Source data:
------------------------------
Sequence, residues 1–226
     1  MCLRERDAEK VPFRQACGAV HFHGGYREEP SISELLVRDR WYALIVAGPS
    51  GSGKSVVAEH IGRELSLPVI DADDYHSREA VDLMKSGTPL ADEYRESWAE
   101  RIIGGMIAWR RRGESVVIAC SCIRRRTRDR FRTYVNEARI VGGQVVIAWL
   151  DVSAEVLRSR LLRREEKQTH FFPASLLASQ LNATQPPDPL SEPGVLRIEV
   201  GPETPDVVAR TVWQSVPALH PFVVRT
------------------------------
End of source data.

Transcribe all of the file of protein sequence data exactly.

Sequence, residues 1–226
     1  MCLRERDAEK VPFRQACGAV HFHGGYREEP SISELLVRDR WYALIVAGPS
    51  GSGKSVVAEH IGRELSLPVI DADDYHSREA VDLMKSGTPL ADEYRESWAE
   101  RIIGGMIAWR RRGESVVIAC SCIRRRTRDR FRTYVNEARI VGGQVVIAWL
   151  DVSAEVLRSR LLRREEKQTH FFPASLLASQ LNATQPPDPL SEPGVLRIEV
   201  GPETPDVVAR TVWQSVPALH PFVVRT